One challenge most of us will face involves the dynamics of aging parents. Adjustments must be made as they age. The frequency and size of those adjustments increase as they get into their eighties and nineties.
My family had a pow-wow this evening. Seven of the eight kids showed up. The eighth kid is working second shift in a town seventy miles away. He visited with Mom and Dad earlier and received an advanced preview.
Dad is scheduled for tests and some surgery over the next couple of weeks. The outcome could be a yawner, or a lengthy recuperation, or an irreversible impairment. God, time, his surgeon and his native constitution will determine the outcome.
A few of the more salient decisions:
- Each kid will pick a day to be the "point person".
- On our day, we will drive Mom (and maybe Dad, if he is up to it) to Mass
- We will bring them dinner
- And we will clear the Dry Erase board
- That might entail grocery shopping, dishes, laundry, house keeping....
- That might entail transportation to docters visits or picking up meds
- Mom and Dad will accumulate their needs by either writing on the Dry Erase board or by pasting sticky notes on the board. They are most comfortable with paper and pen/pencil
- We might escalate to taking a digital picture of the board and posting it on social media
- The advantage of social media is that we can see their needs and it might be more convenient to integrate those tasks into other parts of our day...like on the drive in to town.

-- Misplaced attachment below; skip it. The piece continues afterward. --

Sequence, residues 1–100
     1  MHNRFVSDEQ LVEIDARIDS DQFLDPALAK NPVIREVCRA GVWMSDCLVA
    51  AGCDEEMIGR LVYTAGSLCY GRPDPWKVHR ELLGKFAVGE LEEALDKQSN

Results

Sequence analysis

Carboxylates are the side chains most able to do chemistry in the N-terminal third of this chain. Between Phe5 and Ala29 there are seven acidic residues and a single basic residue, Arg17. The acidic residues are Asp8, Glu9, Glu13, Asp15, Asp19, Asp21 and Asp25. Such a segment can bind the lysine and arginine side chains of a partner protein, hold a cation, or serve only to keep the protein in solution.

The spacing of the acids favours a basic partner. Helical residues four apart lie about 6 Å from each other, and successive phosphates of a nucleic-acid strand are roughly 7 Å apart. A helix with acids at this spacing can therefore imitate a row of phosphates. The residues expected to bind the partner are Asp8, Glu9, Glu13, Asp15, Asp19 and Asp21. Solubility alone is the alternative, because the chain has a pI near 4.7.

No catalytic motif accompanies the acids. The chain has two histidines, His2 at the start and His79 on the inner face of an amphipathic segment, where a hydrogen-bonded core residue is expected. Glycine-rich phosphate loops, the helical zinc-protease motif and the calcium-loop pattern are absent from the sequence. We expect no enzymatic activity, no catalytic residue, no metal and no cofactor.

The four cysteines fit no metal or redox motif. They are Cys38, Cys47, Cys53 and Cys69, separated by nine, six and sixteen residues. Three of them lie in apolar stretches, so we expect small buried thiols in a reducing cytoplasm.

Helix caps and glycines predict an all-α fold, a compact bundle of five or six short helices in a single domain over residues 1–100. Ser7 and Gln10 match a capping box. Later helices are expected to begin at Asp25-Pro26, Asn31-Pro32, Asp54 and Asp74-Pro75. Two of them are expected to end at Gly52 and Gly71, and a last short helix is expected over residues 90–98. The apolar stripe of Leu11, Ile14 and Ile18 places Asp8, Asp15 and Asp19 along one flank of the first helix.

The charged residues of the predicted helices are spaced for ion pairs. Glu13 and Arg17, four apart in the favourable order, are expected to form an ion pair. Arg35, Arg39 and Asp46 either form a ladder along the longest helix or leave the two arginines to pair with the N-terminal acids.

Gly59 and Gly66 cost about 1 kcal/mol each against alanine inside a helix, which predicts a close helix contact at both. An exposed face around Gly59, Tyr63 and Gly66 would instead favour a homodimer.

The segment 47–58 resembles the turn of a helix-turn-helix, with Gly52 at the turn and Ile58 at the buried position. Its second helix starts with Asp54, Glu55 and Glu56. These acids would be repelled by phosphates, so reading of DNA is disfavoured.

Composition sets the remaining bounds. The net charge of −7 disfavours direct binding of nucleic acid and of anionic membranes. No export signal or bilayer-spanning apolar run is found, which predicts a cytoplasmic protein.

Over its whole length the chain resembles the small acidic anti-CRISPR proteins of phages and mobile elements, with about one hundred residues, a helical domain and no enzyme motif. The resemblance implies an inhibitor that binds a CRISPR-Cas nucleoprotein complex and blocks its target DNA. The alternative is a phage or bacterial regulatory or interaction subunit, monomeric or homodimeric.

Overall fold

- There was some concern about dehydration. "Thirst" becomes less reliable as we age and become more sedentary. Urine color works but only if one is drinking enough to produce urine. One solution was to place a set number of water bottles out with the expectation that they will all be consumed before bedtime.
I read about single children tending to aging parents two thousand miles away. My heart goes out to them. Most of my siblings live in the neighborhood where we were raised. One lives seventy miles away. I live 20 miles away. The rest live on the near Westside.
I am blessed to be a member of such a large, strong family. We are not perfect. Like many families we competed for attention when younger and it is easy to drop back into that mode. Also, ten people in a 1200 square foot house means that toes got stepped on, feelings were hurt, needs (OK, in retrospect they were wants, but they felt like needs at the time) unmet. This evening we all became the adults our parents strove to raise.
Brothers and sisters, I salute you.